Questions & Answers

what does nano mean?
Anassong Reply
nano basically means 10^(-9). nanometer is a unit to measure length.
do you think it's worthwhile in the long term to study the effects and possibilities of nanotechnology on viral treatment?
Damian Reply
absolutely yes
how to know photocatalytic properties of tio2 nanoparticles...what to do now
Akash Reply
it is a goid question and i want to know the answer as well
characteristics of micro business
for teaching engĺish at school how nano technology help us
Do somebody tell me a best nano engineering book for beginners?
s. Reply
what is fullerene does it is used to make bukky balls
Devang Reply
are you nano engineer ?
fullerene is a bucky ball aka Carbon 60 molecule. It was name by the architect Fuller. He design the geodesic dome. it resembles a soccer ball.
what is the actual application of fullerenes nowadays?
That is a great question Damian. best way to answer that question is to Google it. there are hundreds of applications for buck minister fullerenes, from medical to aerospace. you can also find plenty of research papers that will give you great detail on the potential applications of fullerenes.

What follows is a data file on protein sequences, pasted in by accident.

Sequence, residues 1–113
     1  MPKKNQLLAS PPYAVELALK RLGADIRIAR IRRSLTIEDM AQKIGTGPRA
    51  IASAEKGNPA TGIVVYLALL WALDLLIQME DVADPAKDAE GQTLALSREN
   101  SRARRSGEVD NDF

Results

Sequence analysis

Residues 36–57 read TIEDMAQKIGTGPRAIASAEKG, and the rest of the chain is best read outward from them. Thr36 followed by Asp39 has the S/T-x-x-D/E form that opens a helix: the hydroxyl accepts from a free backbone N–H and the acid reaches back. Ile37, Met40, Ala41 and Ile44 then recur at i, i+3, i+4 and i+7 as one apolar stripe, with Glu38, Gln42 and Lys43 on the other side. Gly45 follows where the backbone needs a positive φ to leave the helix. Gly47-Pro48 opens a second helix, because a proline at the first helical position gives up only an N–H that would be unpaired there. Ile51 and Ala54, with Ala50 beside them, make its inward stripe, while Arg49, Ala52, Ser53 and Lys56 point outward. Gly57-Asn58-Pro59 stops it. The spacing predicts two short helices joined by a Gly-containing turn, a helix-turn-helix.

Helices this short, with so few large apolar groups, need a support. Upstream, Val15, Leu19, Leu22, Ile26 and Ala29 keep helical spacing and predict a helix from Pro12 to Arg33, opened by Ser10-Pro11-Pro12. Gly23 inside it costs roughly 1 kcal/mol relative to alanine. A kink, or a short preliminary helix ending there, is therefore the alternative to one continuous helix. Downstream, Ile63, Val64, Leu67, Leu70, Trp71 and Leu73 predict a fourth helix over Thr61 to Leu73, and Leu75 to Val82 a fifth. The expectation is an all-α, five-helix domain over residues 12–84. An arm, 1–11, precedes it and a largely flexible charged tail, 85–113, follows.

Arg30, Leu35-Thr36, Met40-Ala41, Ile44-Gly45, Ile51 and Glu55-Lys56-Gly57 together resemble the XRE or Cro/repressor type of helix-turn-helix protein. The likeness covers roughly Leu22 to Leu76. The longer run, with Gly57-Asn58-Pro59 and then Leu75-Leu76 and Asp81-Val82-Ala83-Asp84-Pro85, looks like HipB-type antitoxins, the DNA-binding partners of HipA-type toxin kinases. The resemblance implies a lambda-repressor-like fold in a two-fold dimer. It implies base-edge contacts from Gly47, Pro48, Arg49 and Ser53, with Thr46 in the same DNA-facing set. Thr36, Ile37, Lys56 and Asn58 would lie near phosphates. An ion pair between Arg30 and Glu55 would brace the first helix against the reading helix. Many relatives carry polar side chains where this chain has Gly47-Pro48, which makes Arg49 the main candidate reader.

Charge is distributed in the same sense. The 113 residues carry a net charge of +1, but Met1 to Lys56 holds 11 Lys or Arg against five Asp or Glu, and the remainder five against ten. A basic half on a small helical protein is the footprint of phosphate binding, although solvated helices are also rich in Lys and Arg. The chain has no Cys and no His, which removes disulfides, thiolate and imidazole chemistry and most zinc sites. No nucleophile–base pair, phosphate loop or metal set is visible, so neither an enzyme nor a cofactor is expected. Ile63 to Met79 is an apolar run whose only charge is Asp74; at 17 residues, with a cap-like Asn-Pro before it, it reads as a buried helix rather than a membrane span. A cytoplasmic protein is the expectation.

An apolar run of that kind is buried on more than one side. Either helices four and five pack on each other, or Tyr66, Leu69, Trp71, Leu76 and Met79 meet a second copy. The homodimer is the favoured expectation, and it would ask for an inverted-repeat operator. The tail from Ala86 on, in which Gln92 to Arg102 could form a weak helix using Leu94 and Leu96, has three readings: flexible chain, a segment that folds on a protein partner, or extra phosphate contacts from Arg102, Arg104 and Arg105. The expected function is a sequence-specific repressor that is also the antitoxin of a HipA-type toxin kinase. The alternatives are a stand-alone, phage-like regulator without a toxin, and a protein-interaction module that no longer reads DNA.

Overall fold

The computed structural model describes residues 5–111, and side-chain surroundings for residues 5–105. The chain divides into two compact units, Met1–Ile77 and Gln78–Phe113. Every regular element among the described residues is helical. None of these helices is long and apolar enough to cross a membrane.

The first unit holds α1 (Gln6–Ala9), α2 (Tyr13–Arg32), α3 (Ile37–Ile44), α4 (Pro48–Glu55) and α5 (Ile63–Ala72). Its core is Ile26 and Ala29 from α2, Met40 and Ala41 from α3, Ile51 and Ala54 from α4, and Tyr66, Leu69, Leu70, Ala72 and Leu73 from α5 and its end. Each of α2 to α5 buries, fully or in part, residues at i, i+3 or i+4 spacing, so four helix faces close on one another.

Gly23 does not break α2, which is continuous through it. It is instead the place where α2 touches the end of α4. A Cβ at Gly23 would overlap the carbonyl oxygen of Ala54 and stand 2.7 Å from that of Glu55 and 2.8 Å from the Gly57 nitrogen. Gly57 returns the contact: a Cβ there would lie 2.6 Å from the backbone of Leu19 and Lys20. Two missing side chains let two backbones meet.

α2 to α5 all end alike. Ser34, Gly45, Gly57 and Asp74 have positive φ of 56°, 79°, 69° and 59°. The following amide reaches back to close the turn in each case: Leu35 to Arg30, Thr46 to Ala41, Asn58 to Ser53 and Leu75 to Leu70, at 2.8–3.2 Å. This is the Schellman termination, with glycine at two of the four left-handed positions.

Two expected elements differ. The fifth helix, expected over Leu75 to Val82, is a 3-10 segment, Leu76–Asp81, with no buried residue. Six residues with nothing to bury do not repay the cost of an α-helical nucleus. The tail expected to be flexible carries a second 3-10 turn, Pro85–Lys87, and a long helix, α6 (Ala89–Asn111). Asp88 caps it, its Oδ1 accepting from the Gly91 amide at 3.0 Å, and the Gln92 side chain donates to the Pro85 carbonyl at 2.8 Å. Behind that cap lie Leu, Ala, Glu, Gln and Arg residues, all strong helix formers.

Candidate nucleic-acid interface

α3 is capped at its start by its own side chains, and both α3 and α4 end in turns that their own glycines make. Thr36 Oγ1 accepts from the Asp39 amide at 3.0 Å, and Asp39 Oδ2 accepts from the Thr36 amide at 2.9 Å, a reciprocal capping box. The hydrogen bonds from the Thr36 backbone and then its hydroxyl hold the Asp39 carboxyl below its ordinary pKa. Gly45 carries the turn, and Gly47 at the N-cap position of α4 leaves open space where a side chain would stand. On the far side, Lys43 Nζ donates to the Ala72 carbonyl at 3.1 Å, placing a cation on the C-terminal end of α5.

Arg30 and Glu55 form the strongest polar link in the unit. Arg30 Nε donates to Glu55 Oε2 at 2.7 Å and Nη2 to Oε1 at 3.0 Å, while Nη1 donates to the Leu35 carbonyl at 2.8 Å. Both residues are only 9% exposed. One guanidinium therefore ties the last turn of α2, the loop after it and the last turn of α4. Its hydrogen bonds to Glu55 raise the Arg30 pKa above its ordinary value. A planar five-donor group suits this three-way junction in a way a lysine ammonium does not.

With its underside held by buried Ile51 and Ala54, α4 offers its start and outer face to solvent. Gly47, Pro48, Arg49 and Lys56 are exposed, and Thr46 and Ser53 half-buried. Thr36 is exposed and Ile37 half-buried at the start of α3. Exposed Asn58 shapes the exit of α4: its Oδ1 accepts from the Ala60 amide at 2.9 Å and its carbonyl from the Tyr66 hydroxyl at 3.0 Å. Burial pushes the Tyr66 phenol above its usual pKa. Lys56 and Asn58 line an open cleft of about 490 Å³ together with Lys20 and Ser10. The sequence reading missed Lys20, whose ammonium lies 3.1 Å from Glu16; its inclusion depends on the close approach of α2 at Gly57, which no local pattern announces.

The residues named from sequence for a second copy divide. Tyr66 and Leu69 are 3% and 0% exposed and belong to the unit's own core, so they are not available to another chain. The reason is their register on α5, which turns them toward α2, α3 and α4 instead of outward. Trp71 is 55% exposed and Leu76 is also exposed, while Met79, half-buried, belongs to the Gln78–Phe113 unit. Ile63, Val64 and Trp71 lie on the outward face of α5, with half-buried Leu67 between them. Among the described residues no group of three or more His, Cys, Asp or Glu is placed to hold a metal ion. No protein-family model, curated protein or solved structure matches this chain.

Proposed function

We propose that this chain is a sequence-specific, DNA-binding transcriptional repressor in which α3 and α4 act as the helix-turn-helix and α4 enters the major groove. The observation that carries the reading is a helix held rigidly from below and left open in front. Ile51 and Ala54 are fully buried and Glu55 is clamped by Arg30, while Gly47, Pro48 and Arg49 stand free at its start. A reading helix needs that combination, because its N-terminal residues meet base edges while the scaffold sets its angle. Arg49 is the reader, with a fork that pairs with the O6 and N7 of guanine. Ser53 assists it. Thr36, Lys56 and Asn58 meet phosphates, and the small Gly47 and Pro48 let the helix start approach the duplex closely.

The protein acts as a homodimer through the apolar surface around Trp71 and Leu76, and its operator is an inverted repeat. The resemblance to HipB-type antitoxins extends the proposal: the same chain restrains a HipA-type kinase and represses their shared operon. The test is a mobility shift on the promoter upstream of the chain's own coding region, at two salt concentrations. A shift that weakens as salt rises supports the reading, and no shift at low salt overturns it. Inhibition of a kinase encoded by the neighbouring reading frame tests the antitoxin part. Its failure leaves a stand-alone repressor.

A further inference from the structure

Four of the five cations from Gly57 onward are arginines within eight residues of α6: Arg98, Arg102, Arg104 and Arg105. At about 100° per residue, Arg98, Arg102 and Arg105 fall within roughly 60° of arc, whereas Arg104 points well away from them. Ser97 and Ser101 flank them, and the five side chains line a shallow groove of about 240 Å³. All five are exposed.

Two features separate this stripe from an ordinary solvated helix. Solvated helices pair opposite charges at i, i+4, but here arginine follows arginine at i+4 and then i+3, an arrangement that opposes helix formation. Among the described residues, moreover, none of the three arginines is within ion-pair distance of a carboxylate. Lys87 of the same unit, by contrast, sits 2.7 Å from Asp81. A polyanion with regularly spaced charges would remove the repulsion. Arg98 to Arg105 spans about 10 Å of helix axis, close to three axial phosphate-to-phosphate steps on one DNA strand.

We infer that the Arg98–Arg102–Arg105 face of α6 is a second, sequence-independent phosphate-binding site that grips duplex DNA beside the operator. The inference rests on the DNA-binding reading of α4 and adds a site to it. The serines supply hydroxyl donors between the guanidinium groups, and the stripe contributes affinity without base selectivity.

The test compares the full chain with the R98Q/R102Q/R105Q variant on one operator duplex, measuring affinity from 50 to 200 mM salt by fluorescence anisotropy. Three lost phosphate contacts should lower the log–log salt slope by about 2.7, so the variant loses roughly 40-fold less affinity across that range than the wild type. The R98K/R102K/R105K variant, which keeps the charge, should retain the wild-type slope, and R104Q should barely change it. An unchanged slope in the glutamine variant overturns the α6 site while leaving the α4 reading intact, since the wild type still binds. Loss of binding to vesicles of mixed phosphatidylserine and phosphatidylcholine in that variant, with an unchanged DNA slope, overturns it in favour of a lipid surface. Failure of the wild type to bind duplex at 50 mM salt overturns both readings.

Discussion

what is the Synthesis, properties,and applications of carbon nano chemistry
Abhijith Reply
Mostly, they use nano carbon for electronics and for materials to be strengthened.
is Bucky paper clear?
so some one know about replacing silicon atom with phosphorous in semiconductors device?
s. Reply
Yeah, it is a pain to say the least. You basically have to heat the substarte up to around 1000 degrees celcius then pass phosphene gas over top of it, which is explosive and toxic by the way, under very low pressure.
Do you know which machine is used to that process?
how to fabricate graphene ink ?
for screen printed electrodes ?
What is lattice structure?
s. Reply
of graphene you mean?
or in general
in general
Graphene has a hexagonal structure
On having this app for quite a bit time, Haven't realised there's a chat room in it.
what is biological synthesis of nanoparticles
Sanket Reply
what's the easiest and fastest way to the synthesize AgNP?
Damian Reply
types of nano material
abeetha Reply
I start with an easy one. carbon nanotubes woven into a long filament like a string
many many of nanotubes
what is the k.e before it land
what is the function of carbon nanotubes?
I'm interested in nanotube
what is nanomaterials​ and their applications of sensors.
Ramkumar Reply
what is nano technology
Sravani Reply
what is system testing?
preparation of nanomaterial
Victor Reply
how did you get the value of 2000N.What calculations are needed to arrive at it
Smarajit Reply
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Source:  OpenStax, Solid state physics and devices-the harbinger of third wave of civilization. OpenStax CNX. Sep 15, 2014 Download for free at http://legacy.cnx.org/content/col11170/1.89